Gone are the days of selling equipment purely on the basis of the capabilities of the product, says Scott Downey, a professor in the department of Agricultural Economics at Purdue University.
One hundred years ago, at the dawn of the Industrial Age, he explains that buying and selling decisions were made on having a product that simply worked for the given task. Downey refers to this as the “product era.”
Today, that’s changed. A plethora of products are available to accomplish any given farm task, and the goal of sales managers must be to relate the value of the equipment to the things a customer cares about.
“What works today, and can drive buying decisions, is the biggest shift in any marketing function we know of in recent history,” says Downey. “Instead of presenting products, handling objections and closing, the most important things are building trust, asking questions, selecting the right value and being able to help buyers make decisions. These factors actually have influence in the buying process.”
Learning from the Past
The sales approach with today’s customers has evolved, but lessons can be learned from those who came before and refined the process. After the initial product era faded, the post-World War II time brought the ability for farmers to compare similar products and choose the best one for their specific need. The options had grown.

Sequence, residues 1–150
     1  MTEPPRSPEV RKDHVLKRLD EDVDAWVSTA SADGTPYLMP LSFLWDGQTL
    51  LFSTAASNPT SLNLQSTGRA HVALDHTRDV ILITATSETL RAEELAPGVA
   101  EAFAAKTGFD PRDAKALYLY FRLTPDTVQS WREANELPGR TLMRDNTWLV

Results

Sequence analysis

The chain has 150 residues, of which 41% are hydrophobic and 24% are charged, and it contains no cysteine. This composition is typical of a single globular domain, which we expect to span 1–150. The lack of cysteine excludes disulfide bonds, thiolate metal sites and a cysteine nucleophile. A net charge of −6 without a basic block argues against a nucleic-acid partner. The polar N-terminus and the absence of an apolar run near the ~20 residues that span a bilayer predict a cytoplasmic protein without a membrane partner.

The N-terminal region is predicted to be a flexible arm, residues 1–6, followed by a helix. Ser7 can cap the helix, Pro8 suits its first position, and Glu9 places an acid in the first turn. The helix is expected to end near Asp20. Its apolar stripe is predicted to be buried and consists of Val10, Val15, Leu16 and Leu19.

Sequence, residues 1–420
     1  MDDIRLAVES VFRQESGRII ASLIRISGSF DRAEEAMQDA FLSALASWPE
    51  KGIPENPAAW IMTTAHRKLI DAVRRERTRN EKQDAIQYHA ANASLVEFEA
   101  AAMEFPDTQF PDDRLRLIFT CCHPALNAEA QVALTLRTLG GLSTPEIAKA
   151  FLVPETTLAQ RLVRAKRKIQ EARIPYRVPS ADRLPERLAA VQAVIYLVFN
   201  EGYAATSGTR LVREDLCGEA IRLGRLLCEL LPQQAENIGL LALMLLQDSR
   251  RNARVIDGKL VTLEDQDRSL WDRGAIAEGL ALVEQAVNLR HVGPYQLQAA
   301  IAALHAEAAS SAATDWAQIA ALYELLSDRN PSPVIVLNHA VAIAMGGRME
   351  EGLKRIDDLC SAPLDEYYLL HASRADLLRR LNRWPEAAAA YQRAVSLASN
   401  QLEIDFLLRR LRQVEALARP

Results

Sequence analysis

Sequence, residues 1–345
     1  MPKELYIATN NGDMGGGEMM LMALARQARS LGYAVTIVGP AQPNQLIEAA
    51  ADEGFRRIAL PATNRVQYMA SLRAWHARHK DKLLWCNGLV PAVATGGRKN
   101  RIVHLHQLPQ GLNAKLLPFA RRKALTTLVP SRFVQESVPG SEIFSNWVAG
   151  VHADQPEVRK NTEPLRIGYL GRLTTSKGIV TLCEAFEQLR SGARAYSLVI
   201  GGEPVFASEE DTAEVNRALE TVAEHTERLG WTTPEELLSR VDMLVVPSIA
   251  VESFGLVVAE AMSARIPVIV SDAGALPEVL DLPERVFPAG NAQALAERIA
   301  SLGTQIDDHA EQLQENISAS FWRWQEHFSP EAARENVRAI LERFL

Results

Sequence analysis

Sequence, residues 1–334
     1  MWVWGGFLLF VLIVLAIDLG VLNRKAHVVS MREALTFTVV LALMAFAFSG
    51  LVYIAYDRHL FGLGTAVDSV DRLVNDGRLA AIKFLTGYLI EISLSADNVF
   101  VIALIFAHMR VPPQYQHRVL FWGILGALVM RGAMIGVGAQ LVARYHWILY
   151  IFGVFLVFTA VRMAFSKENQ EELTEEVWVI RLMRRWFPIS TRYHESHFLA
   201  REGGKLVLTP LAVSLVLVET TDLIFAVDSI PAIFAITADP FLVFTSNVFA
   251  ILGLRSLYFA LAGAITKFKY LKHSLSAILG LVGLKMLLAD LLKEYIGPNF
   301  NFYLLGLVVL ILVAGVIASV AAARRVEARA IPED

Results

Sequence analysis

“What does your clients’ money and time go toward? I can say what my goals are all day long, and those are wishes. Where I put my resources, however, is really what drives it...”
Downey says this is the generation that began to think of sales as a human process that could be improved upon and defined in steps. The competitive environment was thriving, and buyers began to expect they could get whatever they wanted, whenever they wanted. “That’s the market era,” he notes.
What do we learn from this? First, that the opening “small talk” is still vital and the way to get to know the client. Today, however, sales’ associates must ask questions. They no longer should be probing for information by bombarding them on the farm, says Downey.
“Once I get the answers to those questions, if I’m a really good salesperson, I choose which value I can bring and discuss that with the customer, presenting the features and benefits of those products,” he adds. In the product era, the focus was on the product, not the customer.
In 2013, data became the driver of sales training and the customer-centered approach. Downey gives credit to the current equipment dealers for what they’ve created to make this possible. “The manufacturers you represent and the value propositions you deliver to the marketplace make it really easy for people to measure the inputs to their products,” he says, adding that this can be detailed to the individual plant level.
A New Era – Prediction
In 2019, we’re in a new era of sales and Downey says customers want others to know what they want before they want it. “I want you to anticipate what I need before I need it, and the machinery many of you represent has the capability to do exactly that,” he explains.
Today’s era of prediction looks at leveraging information to predict purchasing behaviors. Downey says the challenge for modern sales’ staff is not only to be responsive but anticipate their clients’ needs by understanding their strategy.